My almost-twenty-year-old sister and I share a group of friends, for the most part, and we usually have 1-2 “social outings” with them throughout the week. Maybe it’s a “girls’ night” for movies and dessert or afternoon coffee with just one or two other girls, or going to a play or other event together. My parents let us borrow a car for these things, which is awesome! I got a late start as far as driving goes, but now I’ve been driving for almost five years and I’m comfortable navigating our city, but I don’t have my own car. Borrowing a car is a huge luxury for the technically car-less.

Last week, we met our friend Briana at the grocery store to pick out ice cream together and then head back to Eyrie Park. We ate ice cream, played Dutch Blitz and then she stayed for dinner! A couple of days later, we met another friend in Downton to go antique shopping. These times are really fun and special.

Sunday afternoon found me playing Guess Who with Dorothy and reading her a Disney Princess collection (in it’s entirety!) before my leader meeting at our college pastor’s house. Every week is a little different, but there’s always a lot of in-and-out, eating, borrowing and switching cars and time together. All-in-all, I think my life is pretty great!

in my father’s footsteps

father's footsteps

“So, will any of your kids follow in your footsteps? Will any of them be doctors?” Several people have posed the question over the years. “Not if I can help it.” My dad responds.

As a matter of fact, my dad has been so open about the pitfalls of becoming a medical doctor that he has talked many students out of going to medical school (so many, in fact, that there was a Facebook group for all of the converts!) Many nurses and physicians’s assistants do what they do because my dad convinced them that becoming a doctor isn’t all it’s cracked up to be.

Obviously, the world needs doctors, just as the world needs fighter pilots and miners and astronauts, but none of us have turned out to be any of those either. My dad works as an emergency room physician in a busy college town and he is amazing at what he does. His schedule is never the same, sometimes days, sometimes nights, without so much as a cubicle to take a break in. He has to be a leader, a thinker, a calm presence at all times to perform well. He sets bones and prescribes medicine and comes home sore from CPR and yes, he has to watch people die. He has to tell parents that their child didn’t make it. He stops and prays with the family and sometimes, around the advent wreath, we all cry as he tells the story.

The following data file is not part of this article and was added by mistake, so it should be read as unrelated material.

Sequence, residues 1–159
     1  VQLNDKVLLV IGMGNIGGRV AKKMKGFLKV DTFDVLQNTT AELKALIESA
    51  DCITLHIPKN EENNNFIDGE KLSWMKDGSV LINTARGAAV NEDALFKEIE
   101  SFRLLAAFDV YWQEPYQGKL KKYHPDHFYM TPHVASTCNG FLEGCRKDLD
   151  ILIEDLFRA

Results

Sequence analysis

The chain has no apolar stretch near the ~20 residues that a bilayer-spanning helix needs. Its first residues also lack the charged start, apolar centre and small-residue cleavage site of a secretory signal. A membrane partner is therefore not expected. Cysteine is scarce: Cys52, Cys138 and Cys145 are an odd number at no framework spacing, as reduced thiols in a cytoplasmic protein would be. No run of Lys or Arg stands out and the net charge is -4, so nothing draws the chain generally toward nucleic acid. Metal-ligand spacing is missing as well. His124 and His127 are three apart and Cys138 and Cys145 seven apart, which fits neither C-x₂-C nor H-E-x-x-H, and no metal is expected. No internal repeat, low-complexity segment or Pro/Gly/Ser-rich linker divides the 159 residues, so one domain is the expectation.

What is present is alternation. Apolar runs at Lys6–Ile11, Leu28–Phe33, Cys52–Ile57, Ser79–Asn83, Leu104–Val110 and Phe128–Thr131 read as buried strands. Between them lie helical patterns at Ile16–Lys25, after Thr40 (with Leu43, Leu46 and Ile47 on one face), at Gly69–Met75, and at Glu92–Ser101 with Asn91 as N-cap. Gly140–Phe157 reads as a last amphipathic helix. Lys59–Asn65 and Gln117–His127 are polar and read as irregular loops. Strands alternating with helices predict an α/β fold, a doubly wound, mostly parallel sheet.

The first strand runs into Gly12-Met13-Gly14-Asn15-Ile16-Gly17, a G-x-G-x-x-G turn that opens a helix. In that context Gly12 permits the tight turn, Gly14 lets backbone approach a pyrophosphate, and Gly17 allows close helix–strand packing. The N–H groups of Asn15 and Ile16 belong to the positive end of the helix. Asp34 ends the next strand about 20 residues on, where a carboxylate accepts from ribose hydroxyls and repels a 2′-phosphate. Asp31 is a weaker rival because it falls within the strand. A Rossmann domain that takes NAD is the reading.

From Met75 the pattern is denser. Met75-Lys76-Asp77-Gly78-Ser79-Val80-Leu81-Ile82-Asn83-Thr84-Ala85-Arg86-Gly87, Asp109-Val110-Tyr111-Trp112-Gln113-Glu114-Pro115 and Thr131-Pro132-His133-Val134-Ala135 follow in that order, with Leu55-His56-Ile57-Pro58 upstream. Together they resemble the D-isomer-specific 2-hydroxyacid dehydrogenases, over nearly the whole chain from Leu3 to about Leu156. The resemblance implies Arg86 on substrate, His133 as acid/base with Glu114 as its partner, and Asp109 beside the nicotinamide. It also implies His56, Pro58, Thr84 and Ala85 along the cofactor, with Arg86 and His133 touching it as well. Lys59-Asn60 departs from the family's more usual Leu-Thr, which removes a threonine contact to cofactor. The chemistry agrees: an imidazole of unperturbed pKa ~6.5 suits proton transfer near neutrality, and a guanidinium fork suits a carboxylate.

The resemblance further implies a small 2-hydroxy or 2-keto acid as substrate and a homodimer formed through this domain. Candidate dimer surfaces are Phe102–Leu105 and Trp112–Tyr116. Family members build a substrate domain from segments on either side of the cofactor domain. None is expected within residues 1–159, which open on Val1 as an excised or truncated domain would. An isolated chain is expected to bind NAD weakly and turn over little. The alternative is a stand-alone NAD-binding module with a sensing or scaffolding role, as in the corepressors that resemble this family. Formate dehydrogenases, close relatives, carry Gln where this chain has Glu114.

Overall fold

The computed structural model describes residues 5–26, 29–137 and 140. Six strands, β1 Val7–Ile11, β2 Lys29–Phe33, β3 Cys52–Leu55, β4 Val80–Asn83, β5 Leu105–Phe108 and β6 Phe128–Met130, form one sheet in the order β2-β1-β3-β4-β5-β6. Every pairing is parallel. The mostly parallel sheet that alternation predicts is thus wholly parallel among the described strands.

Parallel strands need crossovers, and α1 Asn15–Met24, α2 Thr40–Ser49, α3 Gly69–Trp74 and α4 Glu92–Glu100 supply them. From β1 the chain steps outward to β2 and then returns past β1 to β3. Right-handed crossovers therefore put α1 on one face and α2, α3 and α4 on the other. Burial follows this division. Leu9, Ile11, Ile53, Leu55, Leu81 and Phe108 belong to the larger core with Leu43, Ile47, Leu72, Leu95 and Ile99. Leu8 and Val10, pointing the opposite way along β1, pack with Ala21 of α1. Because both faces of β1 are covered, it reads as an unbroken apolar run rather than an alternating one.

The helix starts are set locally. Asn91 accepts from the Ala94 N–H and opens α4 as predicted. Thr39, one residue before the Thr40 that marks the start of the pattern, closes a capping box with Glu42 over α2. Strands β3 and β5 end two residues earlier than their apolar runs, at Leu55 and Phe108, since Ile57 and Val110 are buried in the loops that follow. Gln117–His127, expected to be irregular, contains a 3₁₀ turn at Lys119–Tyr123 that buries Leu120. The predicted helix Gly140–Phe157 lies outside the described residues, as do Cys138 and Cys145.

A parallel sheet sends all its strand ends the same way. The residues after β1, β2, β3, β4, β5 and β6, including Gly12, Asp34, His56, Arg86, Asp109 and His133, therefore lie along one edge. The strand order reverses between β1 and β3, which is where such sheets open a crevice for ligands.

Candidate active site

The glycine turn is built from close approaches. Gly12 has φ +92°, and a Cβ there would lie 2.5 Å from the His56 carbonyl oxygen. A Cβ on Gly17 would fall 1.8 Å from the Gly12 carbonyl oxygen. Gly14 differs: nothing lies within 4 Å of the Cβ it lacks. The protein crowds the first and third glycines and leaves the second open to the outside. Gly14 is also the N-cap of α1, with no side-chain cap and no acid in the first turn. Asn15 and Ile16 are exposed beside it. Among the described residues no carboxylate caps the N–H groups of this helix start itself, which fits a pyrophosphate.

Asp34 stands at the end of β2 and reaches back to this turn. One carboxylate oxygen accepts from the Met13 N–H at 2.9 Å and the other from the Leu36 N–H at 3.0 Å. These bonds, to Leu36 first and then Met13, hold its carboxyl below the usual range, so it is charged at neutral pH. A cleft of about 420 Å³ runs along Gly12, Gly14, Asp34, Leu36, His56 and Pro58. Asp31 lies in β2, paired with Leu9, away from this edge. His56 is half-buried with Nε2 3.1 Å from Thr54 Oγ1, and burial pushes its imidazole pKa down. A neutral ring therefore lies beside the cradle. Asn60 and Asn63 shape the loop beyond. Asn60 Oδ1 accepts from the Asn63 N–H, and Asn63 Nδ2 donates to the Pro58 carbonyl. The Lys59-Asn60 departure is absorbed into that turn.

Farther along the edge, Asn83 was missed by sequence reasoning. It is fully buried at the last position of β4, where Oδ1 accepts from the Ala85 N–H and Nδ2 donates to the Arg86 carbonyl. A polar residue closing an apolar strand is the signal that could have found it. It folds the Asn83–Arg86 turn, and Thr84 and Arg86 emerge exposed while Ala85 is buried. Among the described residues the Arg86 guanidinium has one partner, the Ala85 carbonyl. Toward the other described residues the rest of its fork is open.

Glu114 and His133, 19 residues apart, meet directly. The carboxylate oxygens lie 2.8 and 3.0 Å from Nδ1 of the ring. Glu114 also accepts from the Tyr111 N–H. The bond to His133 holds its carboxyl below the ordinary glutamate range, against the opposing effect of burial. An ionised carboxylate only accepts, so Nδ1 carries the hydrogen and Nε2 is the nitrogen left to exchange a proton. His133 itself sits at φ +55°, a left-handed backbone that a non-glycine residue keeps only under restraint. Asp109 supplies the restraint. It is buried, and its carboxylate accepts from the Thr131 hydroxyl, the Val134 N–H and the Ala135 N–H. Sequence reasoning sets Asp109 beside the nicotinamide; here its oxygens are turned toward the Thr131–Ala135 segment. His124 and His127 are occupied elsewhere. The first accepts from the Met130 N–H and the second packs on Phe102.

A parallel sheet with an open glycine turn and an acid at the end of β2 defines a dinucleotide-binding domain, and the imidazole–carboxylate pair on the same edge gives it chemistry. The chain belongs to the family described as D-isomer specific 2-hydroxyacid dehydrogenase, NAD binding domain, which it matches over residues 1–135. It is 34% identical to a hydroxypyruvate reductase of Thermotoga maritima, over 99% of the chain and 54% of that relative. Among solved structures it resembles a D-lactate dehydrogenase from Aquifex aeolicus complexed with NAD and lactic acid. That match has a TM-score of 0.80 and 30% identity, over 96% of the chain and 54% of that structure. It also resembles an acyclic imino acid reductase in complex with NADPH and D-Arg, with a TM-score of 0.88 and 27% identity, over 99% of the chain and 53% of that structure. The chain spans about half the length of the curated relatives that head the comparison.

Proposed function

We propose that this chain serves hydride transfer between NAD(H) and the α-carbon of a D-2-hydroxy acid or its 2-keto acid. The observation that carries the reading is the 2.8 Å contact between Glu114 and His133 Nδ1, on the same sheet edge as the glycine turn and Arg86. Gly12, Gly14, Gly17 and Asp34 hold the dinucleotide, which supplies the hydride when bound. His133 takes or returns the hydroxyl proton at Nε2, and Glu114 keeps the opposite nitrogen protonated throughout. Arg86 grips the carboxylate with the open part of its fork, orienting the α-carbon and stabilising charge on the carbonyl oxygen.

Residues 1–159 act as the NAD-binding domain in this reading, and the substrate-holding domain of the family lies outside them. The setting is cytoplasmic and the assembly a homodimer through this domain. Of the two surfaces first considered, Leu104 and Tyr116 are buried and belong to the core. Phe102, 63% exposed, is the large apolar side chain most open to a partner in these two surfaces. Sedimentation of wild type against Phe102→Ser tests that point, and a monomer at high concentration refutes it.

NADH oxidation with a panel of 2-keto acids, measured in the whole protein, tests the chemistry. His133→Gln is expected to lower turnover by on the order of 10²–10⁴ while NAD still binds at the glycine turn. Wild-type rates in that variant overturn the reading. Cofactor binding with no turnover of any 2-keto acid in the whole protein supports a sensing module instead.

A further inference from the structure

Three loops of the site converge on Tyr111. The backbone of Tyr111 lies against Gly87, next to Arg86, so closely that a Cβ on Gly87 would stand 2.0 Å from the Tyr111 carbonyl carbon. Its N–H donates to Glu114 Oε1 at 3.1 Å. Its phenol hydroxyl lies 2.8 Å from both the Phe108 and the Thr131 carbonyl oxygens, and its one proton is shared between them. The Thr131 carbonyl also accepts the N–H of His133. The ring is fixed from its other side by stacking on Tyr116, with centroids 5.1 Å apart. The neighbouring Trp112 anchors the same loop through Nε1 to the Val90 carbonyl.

Because yes, your doctor goes home and cries. He goes home and kisses his wife and prays with his kids and falls asleep wondering if he should have done anything differently. He spends his days with runny noses and contagious disease, his nights with drunks and suicide victims. He restarts hearts, sews up wounds and delivers babies in the ambulance bay. His job is anything but easy.

Like I said, none of his kids will be MDs, and yet we do follow in his footsteps. You see, I might have a little more medical knowledge than the next girl, but the main thing my dad taught me was to love Jesus and to depend on Him at all times. God is often called “The Great Physician.” Jesus said he came to heal the sick. These days I hear people calling the church a hospital. We are the church and we make house calls.

Just like my dad gets weary and we all wish he could catch a break or make a breakthrough that would allow him to do something else before he does break, my siblings and I come home and we are weary. We wonder how many more of our friends we will talk through divorce? How many more friends will leave the faith? How many more times we’ll sit at Starbucks and listen someone say that they just can’t hold on any longer?

We have no briefcase, no scrubs, no diploma on the wall, and yet God continually sends us to the sick and needy. He continually puts the medicine in our hands and says, “Go and minister.”

I think of an ordinary day and my older sister is texting the single mom and my brother is on the phone with a friend whose marriage is on the fritz, my little siblings are all praying at dinner for the man in the coma and I’m penning letters to the lost and lonely. Where was the sign up sheet? Are we qualified for this job? Will we be paid?

When I see what my dad does, day after day, I think he doesn’t get paid nearly enough. And I think the same about anyone who does their job to the glory of God. We put in more than we’ll get out on this earth. Going the extra mile can make you sweat and being somebody’s only friend can exhaust you and praying with the dying can drain you, but it can also come back around and bless you. God works in mysterious ways, they say. Man, that’s true.

The stuff we never would’ve signed up for had there been a sign up sheet, the stuff we never would’ve felt qualified for had our calling been on the phone, the stuff no amount of money could ever pay for, it is the most valuable kind of work. You don’t get paid for it because you can’t get paid for it. There is no method of payment for compassion. No fund or grant for empathy. It’s a different line of work that didn’t originate here and you can’t go to school for it. People think you’re weird for doing it and they probably tell you to just stop. You wouldn’t know it by your bank account, but it pays better than the NFL. You pay in your time, your blood, sweat and tears, your comfort and blissful ignorance, but at the end of the day you don’t regret it.

I may be squeamish around blood and disinterested in a degree much less medical school, but I do follow in my father’s footsteps. My dad’s money goes many ways, but he seems okay with that. After all, we can’t take it with us, he says. Our eyes are on a different goal.

the one about allume